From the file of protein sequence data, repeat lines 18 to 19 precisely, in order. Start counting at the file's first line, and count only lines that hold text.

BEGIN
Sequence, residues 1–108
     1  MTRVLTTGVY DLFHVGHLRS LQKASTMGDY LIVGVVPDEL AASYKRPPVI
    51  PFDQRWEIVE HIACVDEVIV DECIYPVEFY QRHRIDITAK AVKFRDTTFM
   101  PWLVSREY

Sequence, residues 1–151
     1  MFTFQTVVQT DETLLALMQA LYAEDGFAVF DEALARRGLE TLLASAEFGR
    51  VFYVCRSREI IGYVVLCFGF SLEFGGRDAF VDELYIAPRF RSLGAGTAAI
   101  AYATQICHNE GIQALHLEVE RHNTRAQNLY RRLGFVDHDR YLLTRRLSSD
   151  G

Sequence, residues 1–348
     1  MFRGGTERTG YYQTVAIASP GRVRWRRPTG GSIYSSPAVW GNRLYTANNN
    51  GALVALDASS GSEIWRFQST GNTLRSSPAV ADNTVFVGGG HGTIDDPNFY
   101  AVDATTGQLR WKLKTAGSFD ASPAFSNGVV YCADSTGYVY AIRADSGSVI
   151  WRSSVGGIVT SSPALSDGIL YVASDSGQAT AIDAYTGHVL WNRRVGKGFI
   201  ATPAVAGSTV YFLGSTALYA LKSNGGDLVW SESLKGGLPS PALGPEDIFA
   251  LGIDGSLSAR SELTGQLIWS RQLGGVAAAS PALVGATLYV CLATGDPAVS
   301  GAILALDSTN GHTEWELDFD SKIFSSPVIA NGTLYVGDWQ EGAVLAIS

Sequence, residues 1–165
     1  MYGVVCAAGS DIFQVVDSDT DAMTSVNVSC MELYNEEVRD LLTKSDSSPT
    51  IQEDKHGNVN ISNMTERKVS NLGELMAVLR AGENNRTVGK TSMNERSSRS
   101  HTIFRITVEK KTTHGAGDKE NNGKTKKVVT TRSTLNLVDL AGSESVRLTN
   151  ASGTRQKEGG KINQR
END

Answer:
Sequence, residues 1–165
     1  MYGVVCAAGS DIFQVVDSDT DAMTSVNVSC MELYNEEVRD LLTKSDSSPT